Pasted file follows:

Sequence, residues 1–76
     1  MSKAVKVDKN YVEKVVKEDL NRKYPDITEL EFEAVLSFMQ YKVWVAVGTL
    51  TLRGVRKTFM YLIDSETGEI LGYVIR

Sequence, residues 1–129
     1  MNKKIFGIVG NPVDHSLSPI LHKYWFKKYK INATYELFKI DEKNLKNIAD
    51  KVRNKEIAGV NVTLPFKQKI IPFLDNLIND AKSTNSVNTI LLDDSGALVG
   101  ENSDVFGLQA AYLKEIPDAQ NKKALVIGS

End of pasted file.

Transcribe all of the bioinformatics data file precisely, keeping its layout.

Sequence, residues 1–76
     1  MSKAVKVDKN YVEKVVKEDL NRKYPDITEL EFEAVLSFMQ YKVWVAVGTL
    51  TLRGVRKTFM YLIDSETGEI LGYVIR

Sequence, residues 1–129
     1  MNKKIFGIVG NPVDHSLSPI LHKYWFKKYK INATYELFKI DEKNLKNIAD
    51  KVRNKEIAGV NVTLPFKQKI IPFLDNLIND AKSTNSVNTI LLDDSGALVG
   101  ENSDVFGLQA AYLKEIPDAQ NKKALVIGS